Our rational voice is dumb; over a grave
The household of impulse mourns one dearly loved:
Sad in Eros, builder of cities,
And weeping anarchic Aphrodite.
David Lehman’s “Freud Quiz” concludes the volume on a buoyant and anodyne note. Between Auden and Lehman, Willis anthologizes poems by H.D., Anna Freud, Anne Carson, Dorothy Parker, Alicia Ostriker, Toi Derricotte, Stephen Dobyns, Lynn Emanuel, Louise Glück, Anne Sexton, David Giannini, and many more. Some of the highlights of the anthology come from lesser known poets, such as Vasiliki Katsarou, whose poem, “Terrarium,” reads in full:
a soul in miniature
a glass terrarium
the flowering tree
and the One
wielding the ax
as the tree grows
it hones the ax
Climate of Opinion: Sigmund Freud in Poetry affords a fine entrance into exploring the way Freud has been imagined by 20th and 21st century American poets. Irene Willis has compiled a fine anthology that will appeal even to readers who only have a passing interest in Freud.
Robert Eastwood’s Romer is the most ambitious, coherent, and emotionally moving book-length poem about American life published since Galway Kinnell’s The Book of Nightmares. Eastwood riffs on translated lines from Dante Alighieri’s Pugatorio and echoes the Florentine’s structural approaches and thematic concerns throughout the thirty-three cantos that make up Romer. The poem’s title character, Romer, is “an earnest striver, / a stumbler through his days, / whose life is a riddle.” Eastwood chronicles Romer’s “offences, rare loves & losses, / failed hopes” as he weaves back and forth throughout the character’s life from childhood to old age. From high school onward, Romer looks “for his way in the sun,” and recites from “the scrabbly psalter of labor” that frames his existence. Eastwood vividly dramatizes Romer’s search for meaning and his ultimate embrace of mystery. Romer is charged with a bittersweet vivacity that crescendos with almost unbearable intensity at times:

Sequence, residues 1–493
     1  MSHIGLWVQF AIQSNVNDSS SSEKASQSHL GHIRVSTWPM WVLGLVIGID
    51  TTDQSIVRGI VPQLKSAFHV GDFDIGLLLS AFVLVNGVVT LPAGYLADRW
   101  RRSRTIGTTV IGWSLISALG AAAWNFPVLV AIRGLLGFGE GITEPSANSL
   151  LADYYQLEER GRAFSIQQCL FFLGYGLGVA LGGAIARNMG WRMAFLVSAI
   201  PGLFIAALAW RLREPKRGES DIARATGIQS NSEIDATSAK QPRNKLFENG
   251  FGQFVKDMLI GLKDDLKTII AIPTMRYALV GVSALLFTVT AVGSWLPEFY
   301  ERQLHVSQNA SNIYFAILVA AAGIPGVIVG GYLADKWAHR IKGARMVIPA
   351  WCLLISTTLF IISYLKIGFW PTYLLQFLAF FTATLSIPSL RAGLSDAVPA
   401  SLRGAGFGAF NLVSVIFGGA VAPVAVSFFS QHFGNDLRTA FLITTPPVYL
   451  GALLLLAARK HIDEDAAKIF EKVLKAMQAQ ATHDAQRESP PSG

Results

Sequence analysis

Oh God, the nations may come, your
inheritance occupied, but each person
one day wakens, & looks about.
Like coming alert on a train
mesmerized out the window
at scenes you’re leaving,
that back there—
that expanse of distance & time
with all its swift banalities—
you forgot & somehow left
a cache of something
& there ought to be another chance
to hit the ball,
to catch forty-winks,
to not turn away,
to forget your all-consuming self,
to properly pack a tube of toothpaste
for the tomorrows—
not peer instead, haplessly,
at branches racing past
in the darkening.